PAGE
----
Trembling with Indignation in the Belly of the Beast

If you tremble with indignation at every injustice, then you are a comrade of mine.

— Doctor Ernesto “Che” Guevara

And now Che’s closest comrade is dead.  Rest in peace, Fidel.  You were one of a small handful of national leaders for which I’ve ever had a shred of respect.  You survived the bullets of Batista’s army.  You survived the C.I.A.’s Bay of Pigs Invasion.  You survived an estimated 638 assassination attempts, and took your last breath at the age of 90.  You showed the world that it is possible for a tiny band of ill-equipped rag-tag rebels to overcome the scourge of neo-colonialism, imperialism, and all the malignant, malicious, voracious militarism of Empire.  You defied all odds, and were one of the most vilified and hated people whose face ever graced United States television screens and newspapers.  You showed the world that another way is possible.  Under your guidance, little Cuba became more than a doormat for Empire, and stood tall in its shadow, proclaiming freedom and justice for all.

You will be missed, Fidel.  You worked quietly behind the scenes with John F. Kennedy to defuse The Cuban Missile Crisis.  You helped inspire a civil rights movement within the corporate barbed wire of Empire.  Without your example, Malcom and Martin might not have defied the status quo.  It was you and Che who convinced a generation of youth that wars for profit, although good for business, are a very bad idea.  You marched beside me in the streets of Tempe, Arizona after the Kent State Massacre.  You were there, a few months later, at The Yippie Pow-wow in Disneyland.  I shared a joint with you on Tom Sawyer’s Island, just before we marched down Main Street and shut the whole show down.  They kicked us, along with 29,000 others, out of America’s favorite fantasy land.  It still makes me smile.

Fidel, you were with me when I told the Selective Service to take a flying fucking leap in 1970, and again in ’71.  You were with me when I Occupied Wall Street in Phoenix, and you were with me when I marched against Monsanto in the streets of Kahului, Maui.  You were with me, just last week, when I demonstrated in solidarity with Standing Rock, in the parking lot of Bank of America in Santa Fe, New Mexico.

Although we never met, I miss you already, Fidel.  But I know that you’re busy at Standing Rock.  You’re taking all that abuse, alongside our brothers and sisters.  You’re standing up against the Machine, the Man, Wall Street, and the Pigs who protect the interests of Empire.  You’re standing tall against the water-cannons, mace, and rubber bullets.  You’ll be arrested, strip-searched, handcuffed, jailed, and harassed.  You’ll be there at the end of the Standing Rock chapter, when the full force of Empire comes down on the water protectors like a ton of fascist bricks, and the corporate media sweeps the whole thing under a Kardashian/Christmas/Trump rug.  It’s what they do.  It’s what they’ve always done.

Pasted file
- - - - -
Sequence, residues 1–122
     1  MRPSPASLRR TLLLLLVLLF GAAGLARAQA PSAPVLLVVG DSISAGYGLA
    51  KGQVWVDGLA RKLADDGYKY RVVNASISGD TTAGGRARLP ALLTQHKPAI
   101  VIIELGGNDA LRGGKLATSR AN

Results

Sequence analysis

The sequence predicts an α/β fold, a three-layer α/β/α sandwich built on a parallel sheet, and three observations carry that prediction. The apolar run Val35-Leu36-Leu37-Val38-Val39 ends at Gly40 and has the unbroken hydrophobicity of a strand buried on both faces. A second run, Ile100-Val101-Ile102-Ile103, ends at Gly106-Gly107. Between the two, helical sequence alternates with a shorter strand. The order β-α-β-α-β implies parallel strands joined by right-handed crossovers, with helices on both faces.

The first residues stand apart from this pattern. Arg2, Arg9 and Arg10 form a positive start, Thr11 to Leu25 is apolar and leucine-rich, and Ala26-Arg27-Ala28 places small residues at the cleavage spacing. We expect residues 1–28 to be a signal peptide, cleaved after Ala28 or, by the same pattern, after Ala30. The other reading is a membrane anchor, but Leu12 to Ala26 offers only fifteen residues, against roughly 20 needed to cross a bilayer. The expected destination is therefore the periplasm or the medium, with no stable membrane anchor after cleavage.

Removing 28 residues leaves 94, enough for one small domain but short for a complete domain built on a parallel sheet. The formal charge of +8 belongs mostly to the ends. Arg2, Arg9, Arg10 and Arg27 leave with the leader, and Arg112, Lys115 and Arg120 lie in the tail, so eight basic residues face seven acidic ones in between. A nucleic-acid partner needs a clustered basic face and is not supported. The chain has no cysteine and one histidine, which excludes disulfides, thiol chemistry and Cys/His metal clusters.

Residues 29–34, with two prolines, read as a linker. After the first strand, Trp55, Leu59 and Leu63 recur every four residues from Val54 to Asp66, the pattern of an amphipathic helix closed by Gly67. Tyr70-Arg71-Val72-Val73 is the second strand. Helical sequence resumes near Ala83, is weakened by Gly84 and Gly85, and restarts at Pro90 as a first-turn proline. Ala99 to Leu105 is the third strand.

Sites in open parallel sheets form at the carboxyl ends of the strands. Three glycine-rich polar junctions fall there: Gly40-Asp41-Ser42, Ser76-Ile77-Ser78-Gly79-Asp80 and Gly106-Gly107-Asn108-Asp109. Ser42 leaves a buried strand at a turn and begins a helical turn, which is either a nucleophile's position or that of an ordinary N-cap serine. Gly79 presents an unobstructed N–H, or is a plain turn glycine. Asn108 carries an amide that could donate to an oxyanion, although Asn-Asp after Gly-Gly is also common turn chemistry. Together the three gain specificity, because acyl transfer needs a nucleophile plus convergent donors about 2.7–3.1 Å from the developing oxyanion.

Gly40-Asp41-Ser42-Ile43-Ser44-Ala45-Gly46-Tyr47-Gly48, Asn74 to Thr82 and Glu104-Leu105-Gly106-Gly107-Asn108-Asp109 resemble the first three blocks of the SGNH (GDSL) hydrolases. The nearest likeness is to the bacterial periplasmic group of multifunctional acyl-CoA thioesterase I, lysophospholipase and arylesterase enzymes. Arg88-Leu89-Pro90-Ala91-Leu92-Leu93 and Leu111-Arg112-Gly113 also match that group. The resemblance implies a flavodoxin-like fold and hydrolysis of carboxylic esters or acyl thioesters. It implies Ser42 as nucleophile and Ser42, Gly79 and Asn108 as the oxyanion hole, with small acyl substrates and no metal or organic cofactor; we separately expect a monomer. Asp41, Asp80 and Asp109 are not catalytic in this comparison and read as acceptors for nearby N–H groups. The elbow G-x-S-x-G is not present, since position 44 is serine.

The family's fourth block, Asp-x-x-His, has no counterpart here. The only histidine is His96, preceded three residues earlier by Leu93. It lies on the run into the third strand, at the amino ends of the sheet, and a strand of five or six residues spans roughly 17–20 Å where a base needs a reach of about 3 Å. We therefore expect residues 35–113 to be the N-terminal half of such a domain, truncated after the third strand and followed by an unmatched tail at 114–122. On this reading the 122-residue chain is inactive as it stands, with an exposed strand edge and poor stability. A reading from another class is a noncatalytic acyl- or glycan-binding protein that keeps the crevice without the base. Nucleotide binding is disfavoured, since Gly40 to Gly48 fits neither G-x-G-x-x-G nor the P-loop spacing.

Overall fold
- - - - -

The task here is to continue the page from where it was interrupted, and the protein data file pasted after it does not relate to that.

You’re still with us, Fidel.  You sleep with the homeless in the streets of Detroit.  You go hungry with the families in Los Angeles, who’ve opted to pay their rent in lieu of eating dinner.  You suffer and die with those who can’t afford medical care in Omaha.  You go to prison with the guy from Miami who stole food for his family.  You feel the degradation of the Minneapolis factory worker, whose job has been shipped to Mexico, where it will be performed for slave wages.  Wherever there is injustice, you still tremble with indignation.

You won’t soon fade into history, Fidel.  Like Che, you’ll loom larger in death than you were in life.  The legacy you leave us is one of hope.  Hope against all odds.  Hasta la victoria siempre, comrade!

John R. Hall, having finally realized that no human being in possession of normal perception has a snowball's chance in hell of changing the course of earth's ongoing trophic avalanche, now studies sorcery with the naguals don Juan Matus and don Carlos Castaneda in the second attention. If you're patient, you might just catch him at his new email address, but if his assemblage point happens to be displaced, it could take a while. That address is: Read other articles by John R..